Escambia County District Attorney Stephen Billy told 1819 News the reason Brown's bond was set so high to begin with was likely because she had a trafficking charge. The bond will often start at $1 million in trafficking cases, and then judges hear arguments to reduce bond during hearings. That is exactly what happened in Brown's case, and she was eventually given a $75,000 bond months after her arrest.
Billy said some people think that it's OK just because they bought something from a store, and that is just not the case.
"We hear it all the time because it's legal right over the state line in Florida," Billy told 1819 News. "So, there is just a lot of discussion about that."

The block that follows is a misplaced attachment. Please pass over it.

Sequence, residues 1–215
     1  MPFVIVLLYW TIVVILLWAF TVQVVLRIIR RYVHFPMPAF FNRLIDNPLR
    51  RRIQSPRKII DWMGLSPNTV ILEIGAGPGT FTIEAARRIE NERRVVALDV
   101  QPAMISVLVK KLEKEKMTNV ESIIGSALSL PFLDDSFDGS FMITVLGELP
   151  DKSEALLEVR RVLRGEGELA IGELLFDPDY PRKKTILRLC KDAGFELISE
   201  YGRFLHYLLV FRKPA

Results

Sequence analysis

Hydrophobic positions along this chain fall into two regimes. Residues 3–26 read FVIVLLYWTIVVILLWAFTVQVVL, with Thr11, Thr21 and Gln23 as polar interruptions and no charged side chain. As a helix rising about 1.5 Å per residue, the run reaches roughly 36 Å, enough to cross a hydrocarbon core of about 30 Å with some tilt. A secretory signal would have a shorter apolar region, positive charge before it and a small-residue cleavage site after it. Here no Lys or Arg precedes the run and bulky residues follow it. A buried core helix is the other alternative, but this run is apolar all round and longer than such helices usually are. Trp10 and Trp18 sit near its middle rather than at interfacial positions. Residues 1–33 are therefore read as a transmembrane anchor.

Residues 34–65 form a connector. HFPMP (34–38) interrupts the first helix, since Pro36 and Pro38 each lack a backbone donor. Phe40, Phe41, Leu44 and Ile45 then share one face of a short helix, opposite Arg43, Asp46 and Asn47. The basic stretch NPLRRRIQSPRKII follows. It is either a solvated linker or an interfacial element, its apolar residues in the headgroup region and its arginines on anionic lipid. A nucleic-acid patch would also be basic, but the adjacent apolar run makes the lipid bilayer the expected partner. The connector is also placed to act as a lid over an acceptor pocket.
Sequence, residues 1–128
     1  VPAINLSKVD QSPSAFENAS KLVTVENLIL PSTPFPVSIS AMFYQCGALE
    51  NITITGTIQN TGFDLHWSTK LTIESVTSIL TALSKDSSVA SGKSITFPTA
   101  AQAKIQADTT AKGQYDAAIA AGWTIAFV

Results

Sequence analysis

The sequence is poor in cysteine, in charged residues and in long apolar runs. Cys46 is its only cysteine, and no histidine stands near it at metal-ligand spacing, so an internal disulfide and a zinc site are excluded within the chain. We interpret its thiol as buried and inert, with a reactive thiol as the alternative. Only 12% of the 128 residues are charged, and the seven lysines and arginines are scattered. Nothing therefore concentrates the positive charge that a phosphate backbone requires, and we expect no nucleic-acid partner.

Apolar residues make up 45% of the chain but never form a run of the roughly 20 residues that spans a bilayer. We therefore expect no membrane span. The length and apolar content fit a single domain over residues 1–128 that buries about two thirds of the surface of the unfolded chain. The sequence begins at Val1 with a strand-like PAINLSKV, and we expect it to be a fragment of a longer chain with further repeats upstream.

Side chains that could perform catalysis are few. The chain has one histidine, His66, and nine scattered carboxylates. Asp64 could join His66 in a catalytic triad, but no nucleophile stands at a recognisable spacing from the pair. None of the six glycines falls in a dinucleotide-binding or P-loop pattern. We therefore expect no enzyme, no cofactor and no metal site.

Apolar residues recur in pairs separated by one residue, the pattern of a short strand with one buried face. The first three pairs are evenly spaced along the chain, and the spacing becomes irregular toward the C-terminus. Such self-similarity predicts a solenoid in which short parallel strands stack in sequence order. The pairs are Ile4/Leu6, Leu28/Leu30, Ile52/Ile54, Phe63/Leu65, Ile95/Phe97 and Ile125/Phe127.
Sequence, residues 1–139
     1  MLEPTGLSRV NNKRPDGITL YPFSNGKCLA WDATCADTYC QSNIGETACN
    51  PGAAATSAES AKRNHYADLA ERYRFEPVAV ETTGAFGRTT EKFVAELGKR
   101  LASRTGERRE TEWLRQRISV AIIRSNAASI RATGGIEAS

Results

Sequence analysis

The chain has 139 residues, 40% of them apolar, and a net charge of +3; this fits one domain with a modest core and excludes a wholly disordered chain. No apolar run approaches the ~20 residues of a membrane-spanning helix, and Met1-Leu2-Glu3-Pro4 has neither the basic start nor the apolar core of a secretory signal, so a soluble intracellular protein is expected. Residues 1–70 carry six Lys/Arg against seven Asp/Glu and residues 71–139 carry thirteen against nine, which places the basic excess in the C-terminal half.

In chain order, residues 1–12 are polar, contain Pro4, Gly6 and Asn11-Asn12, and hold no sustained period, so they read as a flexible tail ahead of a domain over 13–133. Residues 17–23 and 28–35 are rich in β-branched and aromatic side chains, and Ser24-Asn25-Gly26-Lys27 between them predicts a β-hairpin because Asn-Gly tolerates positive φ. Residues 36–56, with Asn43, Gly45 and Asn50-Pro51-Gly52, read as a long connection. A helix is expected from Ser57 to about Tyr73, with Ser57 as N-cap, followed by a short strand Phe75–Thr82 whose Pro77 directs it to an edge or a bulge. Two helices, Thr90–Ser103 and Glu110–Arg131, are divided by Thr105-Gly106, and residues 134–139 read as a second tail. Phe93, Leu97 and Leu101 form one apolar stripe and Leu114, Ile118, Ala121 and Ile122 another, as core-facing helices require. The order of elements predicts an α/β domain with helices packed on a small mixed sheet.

However, he said it is not only illegal but also trading one habit for another.
"It's like drinking Budweiser to stay off Jack Daniels," Billy explained. "It's a controlled substance and it's still illegal."
Others also claim to have become addicted to Kratom and some have won millions of dollars from lawsuits after deaths attributed to Kratom. In Florida, where Brown bought her Kratom, a judge earlier this year awarded the family 39-year-old mother of four Krystal Talavera $11 million in a wrongful death lawsuit.
"This $11-million-dollar judgment should be a wakeup call to the kratom industry about this dangerous and unregulated substance," says Talavera's lawyer Tamara Williams of MCT Law. "There are families across the country who know firsthand that kratom is addictive and can be deadly."
Talavera died of an overdose after years of using Kratom. Her family said Talavera, a nurse, used the product because she thought it was safe and natural. The Palm Beach Coroner's Office ruled the cause of death to be "acute mitragynine intoxication." In her case, the kratom distributor Grow, LLC was found liable.